July 17, 2011— -- A judge's ruling giving custody of a 3-year-old girl to a registered sex offender over her grandmother has created confusion and outrage in Jacksonville, Fla.
"I was absolutely appalled. Very concerned for the well-being of this little girl," State Rep. Janet Adkins told ABC News affiliate WJXX-TV in Jacksonville.
Trista Crews, the mother of the girl, died a month after her daughter, Miranda Wilkerson, was born. At the time, she was married to registered sex offender Donald Coleman, though Coleman, whose offence was impregnating Crews when she was 14 and he was 38, had filed for divorce.
In his divorce petition, Coleman claimed that Crews was pregnant with another man's baby. Despite the claim in his divorce filing, Coleman is still Miranda's legal father because he was married to Miranda's mother at the time she was born, which apparently played into the judge's ruling.
Reporters were not allowed in the courtroom when the decision was reached last week, and lawyers and family members were barred from speaking about the ruling to the media.
Adkins told WJXX-TV that she and the Florida Department of Children and Families are trying to determine whether anything can be done to return Miranda to her grandparents, with whom she grew up.
"I find it absolutely incredible that the law would say you are going to take a child out of a family, the only family this child has ever known, and to put this person with a complete stranger who is not any relation, I find that just appalling," she said. "My biggest concern is for that child's safety."
According to court documents acquired by WJXX-TV two days after the ruling, Coleman's motion for custody claimed that the girl's maternal grandmother, Rita Manning, was not allowing him to see Miranda.
The motion also detailed Manning's arrest record, which included a 1995 case that was eventually dropped in which she was charged with contributing to the delinquency of a minor.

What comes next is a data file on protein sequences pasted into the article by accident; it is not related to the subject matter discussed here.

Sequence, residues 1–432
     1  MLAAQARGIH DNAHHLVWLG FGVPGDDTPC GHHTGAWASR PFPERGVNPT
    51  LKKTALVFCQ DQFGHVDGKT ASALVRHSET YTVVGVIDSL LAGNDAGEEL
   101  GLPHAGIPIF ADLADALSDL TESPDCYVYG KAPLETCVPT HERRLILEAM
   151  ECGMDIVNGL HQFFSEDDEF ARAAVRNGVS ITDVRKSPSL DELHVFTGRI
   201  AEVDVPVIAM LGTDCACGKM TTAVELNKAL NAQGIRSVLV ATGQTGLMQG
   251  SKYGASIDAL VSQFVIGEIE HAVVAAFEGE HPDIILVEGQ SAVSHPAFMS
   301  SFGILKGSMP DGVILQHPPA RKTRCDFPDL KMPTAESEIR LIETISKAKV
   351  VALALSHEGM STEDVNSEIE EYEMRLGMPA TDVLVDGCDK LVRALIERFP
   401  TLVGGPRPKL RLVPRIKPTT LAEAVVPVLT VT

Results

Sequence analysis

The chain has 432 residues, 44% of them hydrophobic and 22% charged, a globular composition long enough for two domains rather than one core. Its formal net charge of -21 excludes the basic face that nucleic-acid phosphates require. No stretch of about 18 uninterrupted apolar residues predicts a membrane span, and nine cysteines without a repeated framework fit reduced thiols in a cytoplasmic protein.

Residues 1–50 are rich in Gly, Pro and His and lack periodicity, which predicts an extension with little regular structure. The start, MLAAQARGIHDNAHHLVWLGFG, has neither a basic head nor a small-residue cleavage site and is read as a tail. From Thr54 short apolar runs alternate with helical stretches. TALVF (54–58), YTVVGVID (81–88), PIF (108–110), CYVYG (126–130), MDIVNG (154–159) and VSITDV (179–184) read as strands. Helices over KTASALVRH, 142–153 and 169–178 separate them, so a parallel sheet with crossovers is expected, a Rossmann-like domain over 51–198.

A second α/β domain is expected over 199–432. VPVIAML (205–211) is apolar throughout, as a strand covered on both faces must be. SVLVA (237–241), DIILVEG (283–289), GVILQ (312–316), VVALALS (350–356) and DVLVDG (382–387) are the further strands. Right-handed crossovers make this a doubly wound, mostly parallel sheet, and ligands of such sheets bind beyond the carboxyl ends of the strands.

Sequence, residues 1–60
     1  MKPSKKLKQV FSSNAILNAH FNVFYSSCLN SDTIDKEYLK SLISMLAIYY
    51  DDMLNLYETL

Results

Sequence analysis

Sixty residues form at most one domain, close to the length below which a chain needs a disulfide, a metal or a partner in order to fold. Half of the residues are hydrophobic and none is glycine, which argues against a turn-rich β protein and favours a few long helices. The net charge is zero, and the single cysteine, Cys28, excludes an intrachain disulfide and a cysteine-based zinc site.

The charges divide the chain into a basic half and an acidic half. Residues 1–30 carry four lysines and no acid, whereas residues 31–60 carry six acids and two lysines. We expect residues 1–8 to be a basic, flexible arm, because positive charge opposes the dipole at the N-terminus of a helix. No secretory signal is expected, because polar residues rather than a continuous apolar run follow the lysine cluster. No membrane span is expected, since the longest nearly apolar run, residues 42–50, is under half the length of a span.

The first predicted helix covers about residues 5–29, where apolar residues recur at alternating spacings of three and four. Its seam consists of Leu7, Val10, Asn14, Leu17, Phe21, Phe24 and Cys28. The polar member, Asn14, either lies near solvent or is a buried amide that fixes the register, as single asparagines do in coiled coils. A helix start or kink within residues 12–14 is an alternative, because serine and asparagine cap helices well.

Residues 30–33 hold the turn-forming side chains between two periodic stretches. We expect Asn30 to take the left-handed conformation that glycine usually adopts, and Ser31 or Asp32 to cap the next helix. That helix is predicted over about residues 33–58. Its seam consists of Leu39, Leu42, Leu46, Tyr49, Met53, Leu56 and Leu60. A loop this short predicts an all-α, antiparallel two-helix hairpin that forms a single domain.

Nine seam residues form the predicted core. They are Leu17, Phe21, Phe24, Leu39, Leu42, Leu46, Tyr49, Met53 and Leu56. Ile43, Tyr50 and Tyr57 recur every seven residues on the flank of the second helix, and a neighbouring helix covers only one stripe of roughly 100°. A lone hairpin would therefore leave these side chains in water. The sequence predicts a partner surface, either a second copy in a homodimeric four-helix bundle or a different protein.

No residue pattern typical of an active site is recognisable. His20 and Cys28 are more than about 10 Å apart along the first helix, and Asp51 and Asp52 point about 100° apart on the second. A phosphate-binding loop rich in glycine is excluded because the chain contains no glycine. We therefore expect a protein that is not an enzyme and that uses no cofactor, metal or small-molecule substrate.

Manning was also charged with child neglect in 1997, when her daughter got pregnant by Coleman. Manning was eventually sentenced to probation, according to the documents obtained by WJXX-TV.
Coleman was sentenced to register as a sex offender for the rest of his life, but Manning agreed to her daughter's marrying him that same year because the 14-year-old was expecting a baby, she said.
"I signed for them to get married for that reason only," Manning said.
Since then, the Colemans had two more children together.
Custody Transfer Causes Outrage
The custody transfer of Miranda occured last Wednesday, after Manning petitioned to adopt the child. Outrage over the case has grown since the judge's decision,which forced Miranda to leave her grandmother and move to Georgia, where Coleman lives.
"Her whole world is here (so) how could a judge do that?" Manning said.
"The only home, the only person this child she has ever known she's being ripped away from to be put with a stranger," said Michael Shorstein, a board certified adoption attorney.
Shorstein said the family and its attorney should have built a case for years against the presumed father before starting legal proceedings.
"Once you're serving the father, then it triggers ego and pride and fathers don't just disappear. They always show up to fight," he said.
Miranda's grandmother will have the opportunity to appeal the judge's decision. She could also report the case to the Department of Child and Family Services.
"Could his rights be terminated? Yes," attorney Janet Johnson said. "And if he runs afoul, or DCF says this person should never have been given parental rights then it would be undone."
But for now, when Miranda turns 4 in a couple days, Manning said she doesn't know if she will be able to wish her a happy birthday in person.
WJXX-TV contributed to this report.